Le buone pratiche promosse dalla campagna "Food We Want" per un'agricoltura sostenibile. Tutti i testi sono in inglese.
A relentless human population growth combined with many problems in Kenya including lack of grazing land, low productivity of dairy cows, low fodder’s quality, prevalence of diseases and lack of financial means (Valk, 1990; Muma 1994) have lead to the implementation of a technique called Zero Grazing (ZG). Zero Grazing is especially useful in areas where land is scarce. It involves confining the dairy cattle in a cowshed and the development of a ‘cut and carry’ fodder system. Zero grazing is a system that consists of several components: housing, dairy cattle breeds, breeding and fertility, on farm fodder production and utilization of manure to restore soil fertility. (read more)
INTEGRATED PEST MANAGEMENT TO REDUCE PESTICIDES - ‘PUSH-PULL’ TECHNOLOGY|
Stem borers, parasitic weeds and poor soil fertility are the three main constraints to the efficient production of cereals in SSA. Losses caused by stem borers can reach as high as 80% in some areas and an average of about 15-40% in others. Losses attributed to parasitic weeds in particular Striga hermonthica, Benth (African witchweed) on the other hand range between 30 and 100% in most areas and are often exacerbated by the low soil fertility prevalent in the region. The soils are highly degraded due to continuous cropping with limited or no external inputs to improve soil fertility. (read more)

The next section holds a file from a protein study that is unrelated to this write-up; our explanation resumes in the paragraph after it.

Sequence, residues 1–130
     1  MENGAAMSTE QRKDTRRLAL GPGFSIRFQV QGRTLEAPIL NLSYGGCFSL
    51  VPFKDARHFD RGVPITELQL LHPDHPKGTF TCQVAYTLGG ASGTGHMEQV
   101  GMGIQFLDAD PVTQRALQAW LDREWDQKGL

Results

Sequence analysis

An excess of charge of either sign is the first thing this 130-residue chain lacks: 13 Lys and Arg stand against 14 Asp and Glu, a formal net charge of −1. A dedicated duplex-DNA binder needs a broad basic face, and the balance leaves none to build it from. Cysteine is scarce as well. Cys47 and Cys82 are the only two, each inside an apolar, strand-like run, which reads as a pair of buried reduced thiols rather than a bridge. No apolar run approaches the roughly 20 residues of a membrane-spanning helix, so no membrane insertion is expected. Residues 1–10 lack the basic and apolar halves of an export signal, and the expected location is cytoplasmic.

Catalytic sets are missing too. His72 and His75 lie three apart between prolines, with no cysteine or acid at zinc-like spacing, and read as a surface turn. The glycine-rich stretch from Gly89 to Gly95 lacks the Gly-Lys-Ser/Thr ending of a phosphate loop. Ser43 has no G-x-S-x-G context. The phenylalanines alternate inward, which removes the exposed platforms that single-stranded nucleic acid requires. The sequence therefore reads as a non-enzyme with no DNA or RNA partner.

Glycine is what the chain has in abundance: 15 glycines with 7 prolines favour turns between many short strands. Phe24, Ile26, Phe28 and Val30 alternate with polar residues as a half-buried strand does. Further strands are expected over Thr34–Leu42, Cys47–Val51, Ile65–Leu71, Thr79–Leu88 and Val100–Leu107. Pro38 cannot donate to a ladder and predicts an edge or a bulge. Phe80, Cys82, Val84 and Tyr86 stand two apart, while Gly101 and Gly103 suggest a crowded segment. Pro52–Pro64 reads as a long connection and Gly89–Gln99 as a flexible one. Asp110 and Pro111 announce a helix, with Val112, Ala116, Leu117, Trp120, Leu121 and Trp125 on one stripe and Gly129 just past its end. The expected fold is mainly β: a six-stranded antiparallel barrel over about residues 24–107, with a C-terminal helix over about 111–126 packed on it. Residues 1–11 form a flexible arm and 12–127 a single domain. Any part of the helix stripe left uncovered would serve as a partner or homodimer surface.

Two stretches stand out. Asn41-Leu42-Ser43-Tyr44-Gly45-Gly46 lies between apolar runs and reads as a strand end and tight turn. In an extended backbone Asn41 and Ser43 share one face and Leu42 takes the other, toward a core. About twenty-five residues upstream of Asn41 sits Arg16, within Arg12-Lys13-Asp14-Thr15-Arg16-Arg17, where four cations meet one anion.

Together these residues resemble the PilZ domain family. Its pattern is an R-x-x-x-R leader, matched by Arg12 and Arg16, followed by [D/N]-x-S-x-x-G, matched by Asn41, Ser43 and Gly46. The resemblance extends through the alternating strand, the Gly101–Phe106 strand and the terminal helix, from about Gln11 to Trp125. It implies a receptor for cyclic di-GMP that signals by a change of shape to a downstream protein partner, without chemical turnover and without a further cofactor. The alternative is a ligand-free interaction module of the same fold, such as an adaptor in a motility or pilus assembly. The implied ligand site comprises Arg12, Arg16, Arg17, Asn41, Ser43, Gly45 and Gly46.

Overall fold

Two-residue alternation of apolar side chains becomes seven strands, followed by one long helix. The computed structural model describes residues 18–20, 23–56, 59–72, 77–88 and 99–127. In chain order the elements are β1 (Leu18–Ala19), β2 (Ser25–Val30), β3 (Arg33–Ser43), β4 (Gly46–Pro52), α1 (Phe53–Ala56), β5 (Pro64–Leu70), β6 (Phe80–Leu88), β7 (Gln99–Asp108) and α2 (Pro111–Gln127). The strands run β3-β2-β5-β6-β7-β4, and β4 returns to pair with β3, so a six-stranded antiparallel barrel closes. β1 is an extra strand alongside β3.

SYSTEM OF RICE INTENSIFICATION - SRI |
To raise agricultural production the most common avenue is to increase the use of fertilizers, the supplement of water and the adoption of high yield varieties. Even if these techniques are well noted all around the world they have not been widely adopted by subsistence famers in SSA.
This is mainly related to the complex technical issues required, poor extension service, lack of capital or more simply poverty (Mati B.M. et al., 2011). As a consequence of population growth and urbanization during the second half of the twentieth century, rice demand has greatly increased. Thus rice is becoming a major staple crop in much of sub-Saharan Africa (W.A Stoop et al., 2002). (read more)